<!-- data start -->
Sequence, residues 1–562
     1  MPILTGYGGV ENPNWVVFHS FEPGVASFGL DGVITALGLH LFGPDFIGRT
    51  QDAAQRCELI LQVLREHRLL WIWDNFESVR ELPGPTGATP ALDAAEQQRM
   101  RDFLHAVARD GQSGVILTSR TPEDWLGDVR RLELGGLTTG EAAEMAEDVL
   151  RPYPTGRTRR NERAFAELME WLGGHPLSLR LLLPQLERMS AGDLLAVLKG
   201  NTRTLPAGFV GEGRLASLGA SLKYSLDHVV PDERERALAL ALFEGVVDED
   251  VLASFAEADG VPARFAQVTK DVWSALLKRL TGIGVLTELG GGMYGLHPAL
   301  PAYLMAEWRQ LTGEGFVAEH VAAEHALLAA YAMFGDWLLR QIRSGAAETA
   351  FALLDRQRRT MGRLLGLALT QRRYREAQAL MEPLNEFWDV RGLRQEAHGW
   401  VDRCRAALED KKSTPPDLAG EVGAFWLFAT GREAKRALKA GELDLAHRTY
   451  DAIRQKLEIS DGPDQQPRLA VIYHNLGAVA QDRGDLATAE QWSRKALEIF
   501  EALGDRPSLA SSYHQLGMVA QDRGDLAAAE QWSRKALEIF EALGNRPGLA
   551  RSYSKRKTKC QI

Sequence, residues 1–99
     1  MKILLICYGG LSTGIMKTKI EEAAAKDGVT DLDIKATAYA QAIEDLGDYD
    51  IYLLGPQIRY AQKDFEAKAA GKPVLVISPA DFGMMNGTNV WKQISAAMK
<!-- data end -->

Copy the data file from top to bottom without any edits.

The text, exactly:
Sequence, residues 1–562
     1  MPILTGYGGV ENPNWVVFHS FEPGVASFGL DGVITALGLH LFGPDFIGRT
    51  QDAAQRCELI LQVLREHRLL WIWDNFESVR ELPGPTGATP ALDAAEQQRM
   101  RDFLHAVARD GQSGVILTSR TPEDWLGDVR RLELGGLTTG EAAEMAEDVL
   151  RPYPTGRTRR NERAFAELME WLGGHPLSLR LLLPQLERMS AGDLLAVLKG
   201  NTRTLPAGFV GEGRLASLGA SLKYSLDHVV PDERERALAL ALFEGVVDED
   251  VLASFAEADG VPARFAQVTK DVWSALLKRL TGIGVLTELG GGMYGLHPAL
   301  PAYLMAEWRQ LTGEGFVAEH VAAEHALLAA YAMFGDWLLR QIRSGAAETA
   351  FALLDRQRRT MGRLLGLALT QRRYREAQAL MEPLNEFWDV RGLRQEAHGW
   401  VDRCRAALED KKSTPPDLAG EVGAFWLFAT GREAKRALKA GELDLAHRTY
   451  DAIRQKLEIS DGPDQQPRLA VIYHNLGAVA QDRGDLATAE QWSRKALEIF
   501  EALGDRPSLA SSYHQLGMVA QDRGDLAAAE QWSRKALEIF EALGNRPGLA
   551  RSYSKRKTKC QI

Sequence, residues 1–99
     1  MKILLICYGG LSTGIMKTKI EEAAAKDGVT DLDIKATAYA QAIEDLGDYD
    51  IYLLGPQIRY AQKDFEAKAA GKPVLVISPA DFGMMNGTNV WKQISAAMK